THE LITTLE ENGINE THAT COULD!
My oldest Daughter, Lindsay, plays softball and I have been known to traverse entire fields of grass to be able to see her play. I realize that when some people look at me they may think, “She can’t do much of anything.” But how wrong they are. I feel like I can do all things through Christ who gives me strength. Philippians 4:13 Doesn’t that sound familiar? I look at my life as a tightrope stretch across Niagara Falls. At 6 A.M. when our day begins, it starts with a short prayer, something like this: “Lord, help me get through this day.” I feel like I can get across the tightrope with no problems. I would probably be fine if the world would stay outside and not bother me, but that doesn’t happen.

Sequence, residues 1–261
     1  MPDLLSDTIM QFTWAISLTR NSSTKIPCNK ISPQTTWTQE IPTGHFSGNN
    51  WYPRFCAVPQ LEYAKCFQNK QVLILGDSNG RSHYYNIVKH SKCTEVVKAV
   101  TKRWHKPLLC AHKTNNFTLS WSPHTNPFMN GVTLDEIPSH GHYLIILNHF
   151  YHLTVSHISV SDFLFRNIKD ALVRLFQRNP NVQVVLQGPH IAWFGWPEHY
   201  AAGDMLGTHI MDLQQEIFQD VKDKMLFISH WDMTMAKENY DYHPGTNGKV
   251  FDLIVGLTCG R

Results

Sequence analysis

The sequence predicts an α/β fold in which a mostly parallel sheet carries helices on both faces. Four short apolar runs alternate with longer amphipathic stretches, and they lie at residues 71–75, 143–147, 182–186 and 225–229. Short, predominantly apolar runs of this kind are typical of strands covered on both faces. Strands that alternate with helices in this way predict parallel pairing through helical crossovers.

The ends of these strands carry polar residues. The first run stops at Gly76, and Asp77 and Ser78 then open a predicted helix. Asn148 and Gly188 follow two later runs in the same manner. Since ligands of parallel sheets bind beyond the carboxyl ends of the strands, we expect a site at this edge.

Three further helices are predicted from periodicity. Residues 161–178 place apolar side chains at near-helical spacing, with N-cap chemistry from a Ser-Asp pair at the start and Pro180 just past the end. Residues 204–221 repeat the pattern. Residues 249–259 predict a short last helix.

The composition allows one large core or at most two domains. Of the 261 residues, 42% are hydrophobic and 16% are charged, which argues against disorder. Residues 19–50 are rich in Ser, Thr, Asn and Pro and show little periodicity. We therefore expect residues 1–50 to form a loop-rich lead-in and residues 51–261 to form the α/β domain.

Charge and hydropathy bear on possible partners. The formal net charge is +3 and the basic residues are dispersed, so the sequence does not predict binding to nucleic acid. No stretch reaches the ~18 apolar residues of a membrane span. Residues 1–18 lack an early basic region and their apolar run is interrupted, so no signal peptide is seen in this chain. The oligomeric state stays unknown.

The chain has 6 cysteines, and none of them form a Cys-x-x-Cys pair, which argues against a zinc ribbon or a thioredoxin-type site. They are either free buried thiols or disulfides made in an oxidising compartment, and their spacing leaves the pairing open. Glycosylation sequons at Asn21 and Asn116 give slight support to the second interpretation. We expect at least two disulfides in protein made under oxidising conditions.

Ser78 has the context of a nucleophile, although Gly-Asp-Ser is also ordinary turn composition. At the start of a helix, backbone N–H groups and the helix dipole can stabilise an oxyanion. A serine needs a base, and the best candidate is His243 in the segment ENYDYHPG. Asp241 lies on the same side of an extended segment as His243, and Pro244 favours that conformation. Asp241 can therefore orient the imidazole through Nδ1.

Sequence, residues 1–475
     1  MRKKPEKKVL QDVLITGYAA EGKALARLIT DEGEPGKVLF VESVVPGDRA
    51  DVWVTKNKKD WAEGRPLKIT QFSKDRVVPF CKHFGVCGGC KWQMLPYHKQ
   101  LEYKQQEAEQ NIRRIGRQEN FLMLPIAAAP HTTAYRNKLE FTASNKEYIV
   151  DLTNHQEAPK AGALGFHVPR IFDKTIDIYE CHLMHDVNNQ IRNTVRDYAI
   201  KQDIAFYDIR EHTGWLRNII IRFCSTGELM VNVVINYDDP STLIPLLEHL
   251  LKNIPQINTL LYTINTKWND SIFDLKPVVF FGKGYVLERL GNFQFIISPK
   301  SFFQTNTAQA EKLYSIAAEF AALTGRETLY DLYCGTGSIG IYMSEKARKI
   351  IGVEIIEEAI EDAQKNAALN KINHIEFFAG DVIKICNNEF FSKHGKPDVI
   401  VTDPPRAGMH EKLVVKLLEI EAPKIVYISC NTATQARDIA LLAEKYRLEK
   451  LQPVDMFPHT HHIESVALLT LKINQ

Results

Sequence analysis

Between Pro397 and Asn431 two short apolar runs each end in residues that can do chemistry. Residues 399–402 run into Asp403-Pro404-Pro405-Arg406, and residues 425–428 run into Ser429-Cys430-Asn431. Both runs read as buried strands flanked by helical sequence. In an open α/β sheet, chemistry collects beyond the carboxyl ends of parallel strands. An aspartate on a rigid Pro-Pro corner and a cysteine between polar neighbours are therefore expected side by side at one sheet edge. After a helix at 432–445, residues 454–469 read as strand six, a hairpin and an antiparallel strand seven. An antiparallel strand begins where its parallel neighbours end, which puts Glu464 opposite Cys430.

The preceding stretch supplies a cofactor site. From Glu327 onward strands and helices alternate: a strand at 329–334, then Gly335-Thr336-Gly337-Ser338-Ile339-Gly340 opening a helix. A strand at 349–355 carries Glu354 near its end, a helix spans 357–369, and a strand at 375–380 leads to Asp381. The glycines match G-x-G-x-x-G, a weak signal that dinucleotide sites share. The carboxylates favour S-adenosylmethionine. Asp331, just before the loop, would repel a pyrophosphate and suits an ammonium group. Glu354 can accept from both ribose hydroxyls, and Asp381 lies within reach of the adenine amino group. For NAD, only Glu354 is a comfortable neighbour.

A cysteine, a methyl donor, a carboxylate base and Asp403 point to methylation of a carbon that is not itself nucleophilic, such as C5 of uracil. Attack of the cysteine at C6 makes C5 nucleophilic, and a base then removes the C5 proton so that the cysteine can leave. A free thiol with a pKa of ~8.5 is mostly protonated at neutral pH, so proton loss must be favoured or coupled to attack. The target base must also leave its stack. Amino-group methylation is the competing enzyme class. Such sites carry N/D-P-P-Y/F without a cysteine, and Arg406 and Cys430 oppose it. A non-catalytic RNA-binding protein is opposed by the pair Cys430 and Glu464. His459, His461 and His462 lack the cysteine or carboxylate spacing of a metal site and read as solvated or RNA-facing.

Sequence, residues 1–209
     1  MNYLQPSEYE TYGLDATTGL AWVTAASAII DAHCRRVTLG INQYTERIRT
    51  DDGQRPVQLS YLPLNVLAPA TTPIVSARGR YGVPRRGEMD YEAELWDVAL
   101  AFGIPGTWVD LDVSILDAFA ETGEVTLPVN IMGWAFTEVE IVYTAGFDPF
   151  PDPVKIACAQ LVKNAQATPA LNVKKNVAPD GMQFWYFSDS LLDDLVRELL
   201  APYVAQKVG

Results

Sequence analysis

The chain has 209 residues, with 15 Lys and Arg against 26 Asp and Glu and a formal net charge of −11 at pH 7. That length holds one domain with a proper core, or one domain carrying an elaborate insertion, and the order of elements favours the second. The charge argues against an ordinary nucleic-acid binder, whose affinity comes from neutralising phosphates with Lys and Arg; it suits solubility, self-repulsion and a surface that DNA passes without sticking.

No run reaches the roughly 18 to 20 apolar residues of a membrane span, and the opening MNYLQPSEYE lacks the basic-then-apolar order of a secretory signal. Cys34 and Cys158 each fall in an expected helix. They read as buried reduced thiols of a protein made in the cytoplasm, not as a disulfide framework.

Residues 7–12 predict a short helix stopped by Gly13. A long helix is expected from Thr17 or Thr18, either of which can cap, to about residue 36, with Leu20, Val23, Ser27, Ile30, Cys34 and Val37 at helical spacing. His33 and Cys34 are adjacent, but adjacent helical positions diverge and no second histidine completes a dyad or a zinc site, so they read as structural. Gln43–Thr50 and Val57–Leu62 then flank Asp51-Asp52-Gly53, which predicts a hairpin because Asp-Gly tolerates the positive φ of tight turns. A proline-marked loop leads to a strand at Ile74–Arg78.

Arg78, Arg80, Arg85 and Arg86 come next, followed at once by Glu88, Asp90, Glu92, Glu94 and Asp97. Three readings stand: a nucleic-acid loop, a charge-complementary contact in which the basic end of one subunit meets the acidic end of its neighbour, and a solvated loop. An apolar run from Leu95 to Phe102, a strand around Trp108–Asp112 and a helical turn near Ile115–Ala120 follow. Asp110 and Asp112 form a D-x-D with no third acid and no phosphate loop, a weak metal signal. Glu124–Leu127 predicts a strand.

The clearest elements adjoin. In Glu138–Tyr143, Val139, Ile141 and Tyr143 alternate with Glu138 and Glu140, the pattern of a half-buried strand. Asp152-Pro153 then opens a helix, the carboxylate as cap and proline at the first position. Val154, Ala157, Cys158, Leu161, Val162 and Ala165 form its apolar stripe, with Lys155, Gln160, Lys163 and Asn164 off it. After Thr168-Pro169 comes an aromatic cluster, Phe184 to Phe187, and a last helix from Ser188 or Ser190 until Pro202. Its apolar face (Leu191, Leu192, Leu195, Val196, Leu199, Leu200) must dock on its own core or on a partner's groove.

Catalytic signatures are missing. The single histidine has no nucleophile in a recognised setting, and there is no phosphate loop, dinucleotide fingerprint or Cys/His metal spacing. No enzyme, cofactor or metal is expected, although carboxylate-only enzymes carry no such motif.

I explained to a Pastor once how I felt like I was walking on a tightrope and people kept pushing me off with their comments or demands. For example, Hubby says, “I don’t feel well, I have a headache this morning.” Oldest daughter, “I still have to finish my homework,” and I’m thinking, why didn’t you do that last night? Youngest daughter, “I don’t want to wear this outfit or have my hair combed.” The Pastor replied, “When you feel yourself falling from the tightrope, let Jesus carry you across.” So, that’s what I do now, and it plays like music in my ears. But at times the music stops, and I can feel the swirling, foaming waters creeping up on me, and I know it is time to say to the Lord, I’m falling off. You need to take me across. My advice to all wives and mothers who I’m sure face similar situations…don’t even let your feet get wet before you call on Him.